ANRF’s Impact in Arthritis Research: Our Grant Recipients
Where are our grant recipients now?
Since its inception more than 40 years ago, the Arthritis National Research Foundation has funded nearly 200 leading scientists who came to us with cutting-edge research on the subject of arthritis. Only a top few were chosen to receive an ANRF grant award. Many of these innovative researchers have since become nationally recognized researchers and professors at the nation’s top universities and institutions.
Perhaps more importantly, 95% of all ANRF fellows have remained in research, contributing significantly to the ongoing development of many new and innovative therapies. And, many have also circled back around to ANRF to advise in Board of Directors or Scientific Advisory Board capacities.
These men and women are devoting their life’s work to the study of arthritis. With your help, we can continue to support up-and-coming scientists in the same manner! Learn more about the many ways you can donate to ANRF.
||SALVATORE ALBANI, M.D., Ph.D.
Professor & Director of Translational Research
Sanford-Burnham Medical Research Institute
Grant Recipient in 1992 and 1996
- Director of the Center for Pediatric Rheumatology at UCSD.
- Developed and is now clinically testing an exciting new genetics-based treatment for RA.
- Director of Translational Research, Infectious and Inflammatory Disease at Sanford-Burnham Medical Research Institute.
|“The ANRF gave me the first research grant I ever received and their work is fundamental to the development of science and helping young people. ANRF made a huge difference in my life and research career.”
Click here to listen to Dr. Albani talk about his research and the importance of the research ANRF is funding.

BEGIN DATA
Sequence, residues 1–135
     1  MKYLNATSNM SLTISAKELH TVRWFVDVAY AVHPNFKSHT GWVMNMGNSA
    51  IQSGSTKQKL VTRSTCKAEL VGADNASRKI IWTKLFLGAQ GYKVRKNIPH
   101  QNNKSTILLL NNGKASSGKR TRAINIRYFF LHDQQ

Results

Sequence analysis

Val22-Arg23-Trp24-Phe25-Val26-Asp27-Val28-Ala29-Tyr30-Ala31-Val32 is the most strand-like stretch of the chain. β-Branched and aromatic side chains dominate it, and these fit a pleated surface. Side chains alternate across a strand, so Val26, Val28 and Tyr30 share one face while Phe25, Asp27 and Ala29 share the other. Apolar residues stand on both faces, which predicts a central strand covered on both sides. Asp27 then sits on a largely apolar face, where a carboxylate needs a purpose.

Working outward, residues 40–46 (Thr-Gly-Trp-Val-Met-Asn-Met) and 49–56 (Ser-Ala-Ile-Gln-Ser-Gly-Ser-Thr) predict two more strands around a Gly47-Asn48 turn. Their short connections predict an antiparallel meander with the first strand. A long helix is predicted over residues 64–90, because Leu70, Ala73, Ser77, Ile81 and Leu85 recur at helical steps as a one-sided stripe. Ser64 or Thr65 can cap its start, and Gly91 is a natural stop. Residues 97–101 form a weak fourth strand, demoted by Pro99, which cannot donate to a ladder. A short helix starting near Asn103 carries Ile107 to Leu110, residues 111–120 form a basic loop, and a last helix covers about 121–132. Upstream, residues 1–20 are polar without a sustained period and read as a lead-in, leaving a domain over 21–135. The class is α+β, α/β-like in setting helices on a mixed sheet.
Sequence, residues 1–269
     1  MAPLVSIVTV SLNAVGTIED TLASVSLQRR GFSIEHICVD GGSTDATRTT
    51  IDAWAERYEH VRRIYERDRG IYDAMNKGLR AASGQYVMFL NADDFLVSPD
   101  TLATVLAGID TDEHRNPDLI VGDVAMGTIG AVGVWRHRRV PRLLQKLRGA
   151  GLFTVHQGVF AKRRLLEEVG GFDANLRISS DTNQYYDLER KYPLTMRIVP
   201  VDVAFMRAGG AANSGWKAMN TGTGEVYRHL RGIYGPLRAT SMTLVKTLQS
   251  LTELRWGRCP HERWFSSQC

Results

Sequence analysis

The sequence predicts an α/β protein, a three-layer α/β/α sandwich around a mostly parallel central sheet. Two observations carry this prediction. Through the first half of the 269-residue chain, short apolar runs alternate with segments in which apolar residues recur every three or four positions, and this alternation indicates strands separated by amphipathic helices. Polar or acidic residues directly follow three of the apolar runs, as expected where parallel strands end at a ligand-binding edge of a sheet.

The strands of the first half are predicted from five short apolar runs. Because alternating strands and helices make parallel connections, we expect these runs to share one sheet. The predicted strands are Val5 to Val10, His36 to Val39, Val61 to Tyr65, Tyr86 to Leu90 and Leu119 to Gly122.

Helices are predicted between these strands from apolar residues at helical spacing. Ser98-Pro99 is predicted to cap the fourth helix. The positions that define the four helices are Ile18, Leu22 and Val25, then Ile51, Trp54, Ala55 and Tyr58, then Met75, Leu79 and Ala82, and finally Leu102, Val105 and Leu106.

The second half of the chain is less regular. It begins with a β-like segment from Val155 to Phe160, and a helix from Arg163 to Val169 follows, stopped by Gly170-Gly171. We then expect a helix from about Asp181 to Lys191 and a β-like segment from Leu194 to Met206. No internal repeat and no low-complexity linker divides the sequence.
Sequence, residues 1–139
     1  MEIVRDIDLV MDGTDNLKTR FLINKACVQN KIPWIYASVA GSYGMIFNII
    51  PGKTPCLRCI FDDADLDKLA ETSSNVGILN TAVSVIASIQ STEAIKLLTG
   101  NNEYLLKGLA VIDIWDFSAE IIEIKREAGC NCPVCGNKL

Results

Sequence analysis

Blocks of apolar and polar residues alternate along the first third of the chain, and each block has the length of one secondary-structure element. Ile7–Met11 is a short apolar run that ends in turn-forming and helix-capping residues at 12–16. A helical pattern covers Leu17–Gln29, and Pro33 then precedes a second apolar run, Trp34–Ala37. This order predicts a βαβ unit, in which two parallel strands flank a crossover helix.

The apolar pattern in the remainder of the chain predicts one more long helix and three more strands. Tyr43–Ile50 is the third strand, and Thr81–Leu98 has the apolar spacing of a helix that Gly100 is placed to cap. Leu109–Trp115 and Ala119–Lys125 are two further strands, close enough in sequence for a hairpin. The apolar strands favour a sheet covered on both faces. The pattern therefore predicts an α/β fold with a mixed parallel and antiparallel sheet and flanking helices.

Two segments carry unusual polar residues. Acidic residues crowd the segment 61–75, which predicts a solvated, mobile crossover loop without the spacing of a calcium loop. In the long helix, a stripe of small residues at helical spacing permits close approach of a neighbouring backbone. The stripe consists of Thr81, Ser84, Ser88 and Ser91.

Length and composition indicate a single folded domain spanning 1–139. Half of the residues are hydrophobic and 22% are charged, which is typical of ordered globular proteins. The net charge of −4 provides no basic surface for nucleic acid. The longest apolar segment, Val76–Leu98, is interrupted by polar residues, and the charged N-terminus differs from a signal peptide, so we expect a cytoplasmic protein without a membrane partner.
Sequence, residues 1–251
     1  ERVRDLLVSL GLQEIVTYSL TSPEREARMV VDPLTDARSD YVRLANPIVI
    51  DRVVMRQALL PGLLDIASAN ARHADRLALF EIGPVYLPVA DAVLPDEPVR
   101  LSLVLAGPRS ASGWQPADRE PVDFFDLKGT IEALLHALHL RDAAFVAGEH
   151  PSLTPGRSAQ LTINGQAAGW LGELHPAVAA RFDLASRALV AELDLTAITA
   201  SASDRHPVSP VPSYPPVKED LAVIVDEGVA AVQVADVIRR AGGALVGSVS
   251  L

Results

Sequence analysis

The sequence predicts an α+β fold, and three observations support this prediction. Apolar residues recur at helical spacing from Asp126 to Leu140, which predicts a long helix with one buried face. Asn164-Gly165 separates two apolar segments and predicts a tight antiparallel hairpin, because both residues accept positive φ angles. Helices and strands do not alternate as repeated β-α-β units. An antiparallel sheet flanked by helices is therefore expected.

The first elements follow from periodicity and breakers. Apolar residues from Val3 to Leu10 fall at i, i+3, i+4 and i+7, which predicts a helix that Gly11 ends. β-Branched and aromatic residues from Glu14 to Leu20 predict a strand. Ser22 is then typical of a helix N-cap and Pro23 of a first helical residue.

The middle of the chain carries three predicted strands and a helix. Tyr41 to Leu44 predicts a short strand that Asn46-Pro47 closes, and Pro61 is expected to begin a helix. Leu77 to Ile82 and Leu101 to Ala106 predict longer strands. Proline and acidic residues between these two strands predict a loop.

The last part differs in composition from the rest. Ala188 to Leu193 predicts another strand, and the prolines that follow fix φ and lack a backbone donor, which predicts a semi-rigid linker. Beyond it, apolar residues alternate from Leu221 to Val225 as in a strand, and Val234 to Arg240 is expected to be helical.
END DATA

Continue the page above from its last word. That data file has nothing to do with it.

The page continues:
||KAREN COSTENBADER, M.D, M.P.H.
Assistant Professor of Medicine
Harvard Medical School
Brigham & Women’s Hospital, Boston, MA
2001 ANRF grant recipient
- ANRF-funded study concluded. Now conducting three large NIH-funded clinical studies investigating: 1) biomarkers and causal pathways in the development of rheumatoid arthritis, 2) vitamin D and/or fish oils for the prevention of autoimmune disease, systemic inflammation and osteoarthritis, and 3) sociodemographic disparities in the care and outcomes of patients with lupus nephritis.
- Extensive patient-centered clinical research, with teaching and mentoring of new investigators.
|“The award from the ANRF was my first grant for clinical research. Without their support, I would have had difficulty supporting myself during the transition from fellowship to junior faculty position and independence.”
||GALE GRANGER, Ph.D.
Professor of Immunology
University of California, Irvine, CA
Grant Recipient 1977-1986
- Discovered specific molecules involved in the inflammation and tissue destruction of rheumatoid arthritis (RA).
- Identified cell membrane and soluble TNF and LT receptors that neutralize TNF.
- Discoveries led to a new treatment for RA and other autoimmune diseases.
|“Grants from the ANRF were essential to the development of our research which has led to new understanding of how inflammation and the tissue destructive lesions of arthritis are caused. These findings facilitated the development of truly new methods for treatment of these diseases.”
ANNE STEVENS, M.D., Ph.D.
Seattle Children’s Hospital/Center for Immunity and Immunotherapies at the Seattle Children’s Research Institute
2001 ANRF grant recipient
Established an independent pediatric rheumatology laboratory.
Clinical and basic studies to determine the causal role of maternal cells in autoimmune diseases.
Recognized as a leading expert in the field.
Program Director, Rheumatology Education.
|“The ANRF funding I received enabled me to establish myself in the field of maternal and fetal microchimerism in autoimmune disease. ANRF’s funding during my early years undoubtedly helped my career take off.”
||BETTY TSAO, Ph.D.
Professor of Medicine
University of California, Los Angeles, CA
1993 ANRF Grant Recipient
- First person to link a specific human chromosome region to increased risk of developing lupus.
- Studying the role of X-linked genes in male lupus.
- Studying heightened heart disease as a result of lupus.
- Developing new lab test to measure disease activity of lupus to increase disease management.
|“The ANRF supported my work at a pivotal time in my career. Now, we’re at the brink of finding the specific genes that put people at risk for lupus.”
||PAUL J. UTZ, M.D.
Associate Professor of Medicine
Stanford University, Stanford, CA
1998 ANRF grant recipient
- Studies protein and genetic biomarkers in various forms of autoimmune diseases.
- Established an independent laboratory at Stanford and co-directs Stanford’s MD/PhD program
|“Without ANRF, I would not have a lab with 13 scientists and I would not be in academia!”